I am currently finishing off another small book, this time on superstitions, in my new “Short History” series. So I thought that I would share with you an excerpt – the history of the four-leaf clover…
More than any other factor, the rarity of the four-leaf clover (normally, the clover is a three-leaf plant) made it sacred to the sun-worshiping Druid priests of ancient England. The Druids, whose Celtic name, dereu-wid, means “oak-wise” or “knowing the oak tree,” frequented oak forests as worshiping grounds. They believed that a person in possession of a four-leaf clover could sight ambient demons and through incantations thwart their sinister influence.
Our information on the origin of this good luck charm (as well as on other beliefs and behaviors of that learned class of Celts who acted as priests, teachers, and judges) comes mainly from the writings of Julius Caesar and from Irish legend. Several times a year, Druids assembled in sacred oak forests throughout the British Isles and Gaul. There they settled legal disputes and offered human sacrifices for any person who was gravely ill or in danger of death from forthcoming battle. Huge wicker cages filled with men were burned.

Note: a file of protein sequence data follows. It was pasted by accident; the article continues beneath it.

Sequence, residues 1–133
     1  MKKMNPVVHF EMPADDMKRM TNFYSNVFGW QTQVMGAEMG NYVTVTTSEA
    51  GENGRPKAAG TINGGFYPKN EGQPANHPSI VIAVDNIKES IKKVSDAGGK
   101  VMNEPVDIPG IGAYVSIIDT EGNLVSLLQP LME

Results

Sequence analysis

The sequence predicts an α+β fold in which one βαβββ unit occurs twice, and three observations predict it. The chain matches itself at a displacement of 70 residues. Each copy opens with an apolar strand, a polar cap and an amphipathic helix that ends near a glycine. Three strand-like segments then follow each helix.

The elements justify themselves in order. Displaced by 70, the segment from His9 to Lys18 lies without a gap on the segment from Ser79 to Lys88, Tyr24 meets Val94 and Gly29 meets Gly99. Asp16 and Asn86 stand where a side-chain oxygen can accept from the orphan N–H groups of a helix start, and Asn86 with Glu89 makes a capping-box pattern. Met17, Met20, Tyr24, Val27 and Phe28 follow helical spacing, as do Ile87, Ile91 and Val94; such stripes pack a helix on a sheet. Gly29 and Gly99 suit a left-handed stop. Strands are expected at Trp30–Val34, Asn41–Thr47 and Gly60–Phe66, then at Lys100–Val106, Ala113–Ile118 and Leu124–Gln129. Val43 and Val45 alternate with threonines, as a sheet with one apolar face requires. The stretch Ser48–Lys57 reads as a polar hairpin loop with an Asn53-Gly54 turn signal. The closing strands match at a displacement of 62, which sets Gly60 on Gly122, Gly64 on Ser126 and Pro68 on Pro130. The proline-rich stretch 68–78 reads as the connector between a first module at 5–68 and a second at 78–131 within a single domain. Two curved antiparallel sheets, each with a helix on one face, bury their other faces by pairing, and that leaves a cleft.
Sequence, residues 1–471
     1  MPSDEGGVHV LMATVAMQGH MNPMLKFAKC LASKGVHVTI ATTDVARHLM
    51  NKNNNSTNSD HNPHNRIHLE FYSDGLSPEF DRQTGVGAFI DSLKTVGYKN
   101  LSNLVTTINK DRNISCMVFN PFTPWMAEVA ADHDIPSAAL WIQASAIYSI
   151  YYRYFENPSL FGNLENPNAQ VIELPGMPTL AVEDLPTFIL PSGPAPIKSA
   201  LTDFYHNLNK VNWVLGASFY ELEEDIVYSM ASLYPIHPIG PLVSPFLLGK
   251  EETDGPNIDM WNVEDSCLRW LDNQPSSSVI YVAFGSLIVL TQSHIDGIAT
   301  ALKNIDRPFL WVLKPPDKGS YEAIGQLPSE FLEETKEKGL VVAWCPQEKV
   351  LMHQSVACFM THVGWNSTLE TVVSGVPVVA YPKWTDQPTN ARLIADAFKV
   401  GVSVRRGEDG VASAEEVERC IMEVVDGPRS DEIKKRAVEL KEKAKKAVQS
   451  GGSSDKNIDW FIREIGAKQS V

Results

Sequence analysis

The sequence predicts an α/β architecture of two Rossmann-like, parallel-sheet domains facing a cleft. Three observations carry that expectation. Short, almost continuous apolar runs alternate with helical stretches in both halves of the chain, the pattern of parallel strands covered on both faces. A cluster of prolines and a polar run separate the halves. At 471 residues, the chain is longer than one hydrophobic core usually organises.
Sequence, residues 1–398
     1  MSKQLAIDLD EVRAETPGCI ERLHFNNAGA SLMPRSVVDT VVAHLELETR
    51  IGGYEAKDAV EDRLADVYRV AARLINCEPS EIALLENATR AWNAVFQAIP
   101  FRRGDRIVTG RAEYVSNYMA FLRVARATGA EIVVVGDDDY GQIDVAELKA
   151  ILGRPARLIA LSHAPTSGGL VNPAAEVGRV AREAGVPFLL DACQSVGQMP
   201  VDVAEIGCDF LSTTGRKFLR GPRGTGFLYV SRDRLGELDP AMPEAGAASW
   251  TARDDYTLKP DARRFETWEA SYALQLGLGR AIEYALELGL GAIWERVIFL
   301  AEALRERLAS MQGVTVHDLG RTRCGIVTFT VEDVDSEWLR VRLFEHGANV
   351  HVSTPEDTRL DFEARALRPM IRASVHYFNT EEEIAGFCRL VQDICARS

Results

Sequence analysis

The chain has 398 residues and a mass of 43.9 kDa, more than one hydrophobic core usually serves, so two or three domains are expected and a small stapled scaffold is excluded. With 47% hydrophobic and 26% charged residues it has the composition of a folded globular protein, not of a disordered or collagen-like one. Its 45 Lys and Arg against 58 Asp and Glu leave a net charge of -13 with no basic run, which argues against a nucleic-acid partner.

Though Druid priests preferred to sacrifice criminals, during periods of widespread law and order they incinerated the innocent. The immortality of the soul, and its transferal after death to a newborn, was one of their principal religious doctrines. Before terminating the forest ritual, Druids collected sprigs of mistletoe (believed to be capable of maintaining harmony within families) and scouted for rare clover.
Four-leaf clovers are no longer rare. In the 1950s, horticulturists developed a seed that sprouts only clover with four lobes. The fact that today they are grown in greenhouses by the millions and cultivated by the score on kitchen windowsills not only strips the tiny herb of the uniqueness that is its luck but usurps the thrill and serendipity of finding one.